But all the while that she was speaking, the girl could not keep her eyes from wandering every now and then towards that other corner of the room, and suddenly she began to realise with astonishment that the coffin, though small, was made of polished oak with silver-plated fittings, and it rested on small black draperies. And then the girl remembered that she had seen a baby downstairs decked out in crape and black ribbons, and she knew that this must be Jacky’s baby sister. How could this mother be so very foolish? For Mrs Hunt was a widow, who supported herself and her little ones by doing mangling. If she worked all day and the greater part of the night she could not hope to earn more than eight or nine shillings a week. And yet she could afford to indulge in high-class funerals.

And as the girl thought on these things her heart hardened, and she deemed it her duty to give the woman a few words of advice on the subject of her extravagance. But the words would not come. For somehow that inconvenient little lump in her throat would return when she thought of this woman’s desire to honour her dead even at the cost of starving. She could almost hear her say, “Has my little boy had so many luxuries that you grudge him a decent burial?” And the girl could not speak.

Now, when she had turned to go, and had even laid her hand on the door, Mrs Hunt said suddenly, almost harshly, “Perhaps you’d like to see ’im.” And before the girl could reply, the lid of the coffin was drawn back.

What! Was that still little form that white face, almost terrible in its loveliness—was that the noisy, dirty imp she had seen not many days before? I seemed incredible. She remembered in wonder that she had tried to bring herself to kiss the face that had been almost repulsive in its filth and ugliness; and had tried and had failed. And now she would fain have knelt and have pressed her lips to the little white hand, humbly, reverently, as to something sacred. She would not dare now to touch the face that she had turned from in disgust; it looked so white, so pure, he would have feared to defile it. “Defile!” Yes, that was the word that kept beating itself on the girl’s brain as she stood there looking down. “Undefiled, undefiled, a little child undefiled.”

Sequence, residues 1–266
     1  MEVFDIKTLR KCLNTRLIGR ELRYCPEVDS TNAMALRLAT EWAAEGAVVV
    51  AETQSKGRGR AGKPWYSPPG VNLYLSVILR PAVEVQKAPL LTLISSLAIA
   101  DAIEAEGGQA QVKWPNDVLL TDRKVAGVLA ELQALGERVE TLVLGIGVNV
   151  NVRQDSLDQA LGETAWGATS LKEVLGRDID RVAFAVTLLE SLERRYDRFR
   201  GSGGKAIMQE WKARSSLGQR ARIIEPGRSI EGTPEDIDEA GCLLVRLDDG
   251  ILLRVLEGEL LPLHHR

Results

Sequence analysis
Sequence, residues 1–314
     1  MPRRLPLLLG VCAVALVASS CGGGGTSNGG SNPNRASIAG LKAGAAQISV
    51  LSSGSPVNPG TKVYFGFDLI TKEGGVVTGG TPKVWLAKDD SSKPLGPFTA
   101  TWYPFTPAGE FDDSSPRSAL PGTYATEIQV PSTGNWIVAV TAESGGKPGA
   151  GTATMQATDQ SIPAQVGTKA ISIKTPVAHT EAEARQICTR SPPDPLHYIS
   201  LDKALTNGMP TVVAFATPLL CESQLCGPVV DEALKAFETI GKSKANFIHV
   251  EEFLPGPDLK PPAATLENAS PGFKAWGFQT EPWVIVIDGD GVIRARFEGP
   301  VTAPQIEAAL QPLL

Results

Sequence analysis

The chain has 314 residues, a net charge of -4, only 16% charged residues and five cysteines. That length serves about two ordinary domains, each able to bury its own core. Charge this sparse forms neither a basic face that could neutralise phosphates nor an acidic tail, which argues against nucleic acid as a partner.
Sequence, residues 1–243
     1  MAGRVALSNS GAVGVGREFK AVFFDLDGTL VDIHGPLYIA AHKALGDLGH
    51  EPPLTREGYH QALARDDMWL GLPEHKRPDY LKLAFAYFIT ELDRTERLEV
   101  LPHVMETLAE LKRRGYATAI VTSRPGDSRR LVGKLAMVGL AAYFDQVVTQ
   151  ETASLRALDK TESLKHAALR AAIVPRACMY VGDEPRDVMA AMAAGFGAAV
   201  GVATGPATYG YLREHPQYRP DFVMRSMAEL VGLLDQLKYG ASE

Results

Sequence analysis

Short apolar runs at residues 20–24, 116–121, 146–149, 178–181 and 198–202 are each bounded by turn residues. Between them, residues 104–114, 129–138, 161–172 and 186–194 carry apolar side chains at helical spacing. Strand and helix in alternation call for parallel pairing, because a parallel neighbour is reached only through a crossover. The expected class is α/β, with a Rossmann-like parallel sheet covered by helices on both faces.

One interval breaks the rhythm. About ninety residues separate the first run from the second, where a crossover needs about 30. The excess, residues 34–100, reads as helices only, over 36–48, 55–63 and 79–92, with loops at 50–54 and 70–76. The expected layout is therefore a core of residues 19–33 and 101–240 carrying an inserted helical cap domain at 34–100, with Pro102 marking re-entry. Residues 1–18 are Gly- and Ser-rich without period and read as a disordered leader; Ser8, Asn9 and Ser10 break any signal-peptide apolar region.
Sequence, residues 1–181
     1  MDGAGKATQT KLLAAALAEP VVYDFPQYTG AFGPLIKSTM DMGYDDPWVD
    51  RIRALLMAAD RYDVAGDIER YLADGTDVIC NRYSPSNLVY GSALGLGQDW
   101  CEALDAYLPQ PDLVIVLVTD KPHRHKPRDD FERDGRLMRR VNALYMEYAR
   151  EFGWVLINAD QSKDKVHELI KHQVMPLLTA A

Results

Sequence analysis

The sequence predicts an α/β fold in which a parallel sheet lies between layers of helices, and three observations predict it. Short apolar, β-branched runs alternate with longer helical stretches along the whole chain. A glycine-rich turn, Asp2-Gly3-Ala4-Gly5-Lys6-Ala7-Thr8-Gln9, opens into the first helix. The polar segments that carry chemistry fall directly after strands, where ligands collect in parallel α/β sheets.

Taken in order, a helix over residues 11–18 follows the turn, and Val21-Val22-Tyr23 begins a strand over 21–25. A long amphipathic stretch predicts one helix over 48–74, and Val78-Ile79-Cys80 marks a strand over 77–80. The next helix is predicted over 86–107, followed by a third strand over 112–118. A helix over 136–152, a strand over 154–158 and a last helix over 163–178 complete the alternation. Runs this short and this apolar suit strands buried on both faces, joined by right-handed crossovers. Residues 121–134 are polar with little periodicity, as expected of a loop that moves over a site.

And where were now her sapient remarks as to the desirability of cheap funerals for the poor? Gone, utterly gone. She was indeed stricken dumb and stood there silently gazing, her eyes wet with tears. And at last, as many before her have done when the feelings of their littleness is borne home to them, she unconsciously used the words of another: words, old indeed, but true for all time, for all men—